2017 Commercial Litigation & Arbitration Forum
 

   CONFERENCE PROGRAMME

This programme is subject to change. 
Last updated: 11/10/2016

08.30 Registration and Breakfast

09.00 Chairpersons’ Welcome
The Hon Sir Bernard Eder, Essex Court
Jonathan Warne, partner, Nabarro

09.10 Keynote: Commercial dispute resolution – current developments in the Commercial Court
The Honourable Mr Justice Blair

09.30 Client panel – tips and tactics for managing projects and delivering value on costs
The opening panel of today’s agenda will focus on the changing needs of the client. It will explore the internal and external considerations which surround decision making in today’s dispute resolution environment and take an in depth view on effective project management techniques that can deliver value on costs.
Chair: Mark Baker, Global Co-Head of International Arbitration, Norton Rose
Dave Hart, head of litigation, BT Group
Dr. Elmar Kutsch, senior lecturer in risk management, International Centre for Programme Management, Cranfield School of Management



10.30 Panel debate: Funding: the good, the bad and the ugly
Third party funding can be difficult to obtain, but in the current economic climate there is likely to be a greater need amongst businesses in order to justify the costs at play. Today’s funding market is rife with new models and greater analysis being offered by a more diverse variety of funders. Expect to gain an insight into the new funding models being developed and top tips on how to approach 3rd party funders.
- Partial damages based assessment 
- Tactics against funded parties - settlement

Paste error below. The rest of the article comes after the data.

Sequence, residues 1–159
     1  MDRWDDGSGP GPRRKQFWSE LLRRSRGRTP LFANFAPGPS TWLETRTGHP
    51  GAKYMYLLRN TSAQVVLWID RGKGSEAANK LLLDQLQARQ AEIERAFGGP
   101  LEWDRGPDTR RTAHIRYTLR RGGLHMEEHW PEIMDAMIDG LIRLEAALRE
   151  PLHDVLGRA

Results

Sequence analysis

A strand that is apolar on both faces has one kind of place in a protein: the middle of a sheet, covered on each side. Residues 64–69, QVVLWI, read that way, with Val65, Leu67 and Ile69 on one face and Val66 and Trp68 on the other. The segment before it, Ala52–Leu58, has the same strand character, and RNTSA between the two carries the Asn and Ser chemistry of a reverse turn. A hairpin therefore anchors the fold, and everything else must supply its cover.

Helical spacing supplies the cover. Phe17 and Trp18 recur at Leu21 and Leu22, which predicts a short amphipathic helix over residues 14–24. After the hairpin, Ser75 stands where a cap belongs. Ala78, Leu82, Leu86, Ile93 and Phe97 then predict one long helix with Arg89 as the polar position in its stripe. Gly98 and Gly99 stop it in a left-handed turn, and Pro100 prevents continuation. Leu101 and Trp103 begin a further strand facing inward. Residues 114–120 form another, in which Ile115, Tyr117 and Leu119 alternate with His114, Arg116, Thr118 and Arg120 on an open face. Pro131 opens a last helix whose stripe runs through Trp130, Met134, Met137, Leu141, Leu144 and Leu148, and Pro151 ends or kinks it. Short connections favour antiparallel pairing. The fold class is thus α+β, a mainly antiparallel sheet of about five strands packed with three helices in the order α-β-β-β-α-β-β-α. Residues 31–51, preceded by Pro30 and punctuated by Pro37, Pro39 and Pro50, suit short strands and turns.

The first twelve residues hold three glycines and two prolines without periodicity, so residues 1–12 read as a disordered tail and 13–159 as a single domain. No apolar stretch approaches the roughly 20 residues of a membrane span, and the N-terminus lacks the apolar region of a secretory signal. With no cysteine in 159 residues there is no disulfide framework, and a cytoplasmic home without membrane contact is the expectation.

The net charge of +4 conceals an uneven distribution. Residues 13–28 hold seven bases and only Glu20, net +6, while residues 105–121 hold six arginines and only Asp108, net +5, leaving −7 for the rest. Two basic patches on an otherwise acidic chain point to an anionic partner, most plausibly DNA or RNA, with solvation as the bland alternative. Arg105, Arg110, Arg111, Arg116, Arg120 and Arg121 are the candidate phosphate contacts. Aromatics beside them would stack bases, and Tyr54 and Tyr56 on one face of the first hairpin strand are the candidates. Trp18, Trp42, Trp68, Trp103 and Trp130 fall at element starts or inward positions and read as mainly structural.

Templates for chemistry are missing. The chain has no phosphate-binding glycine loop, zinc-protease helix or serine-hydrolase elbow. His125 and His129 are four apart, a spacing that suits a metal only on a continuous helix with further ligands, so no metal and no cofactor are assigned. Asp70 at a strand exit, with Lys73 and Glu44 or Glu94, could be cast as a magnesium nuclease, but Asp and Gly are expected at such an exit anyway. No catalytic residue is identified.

Chair: Jonathan Warne, partner, Nabarro
Tim Brown, partner, RPC
Paul Convery, partner, William Fry
Jeremy Marshall, chief investment officer, Bentham Europe
Robert Marven, barrister, 4 New Square

11.10 Coffee and Networking

11.30 Streamed Sessions
A: Interim remedies
Freezing injunctions have become quite commonplace in court judgments, but are they being used too frequently and when are they legitimate? This session will address the key considerations when awarding interim remedies and will also question whether there should be reforms of anti-suit injunctions in addressing breach of agreements. Steven Gee QC is the author of Commercial Injunctions, which is highly regarded as the leading text for legal professionals advising clients on commercial pre-emptive remedies, including injunctions. 
Steven Gee QC, partner, Joseph Hage Aaronson

B: Russian disputes in Russia, London and elsewhere
Russian related disputes have dominated legal news in London for more than 10 years.  They usually involve bitterly fought arbitration and litigation around the world with more than one jurisdiction involved and with significant amounts of money at stake. The new Russian arbitration law came into force in September.  Will it change the way Russian disputes are resolved?  Will this law make Russia more attractive as the place of arbitration?   How sanctions introduced by the West against Russia affect the future for Russian related work in London?  Will London retain its leading role and keep its attraction as primary choice for resolving Russian disputes?  Crimea related arbitrations – is investment arbitration right forum for these claims?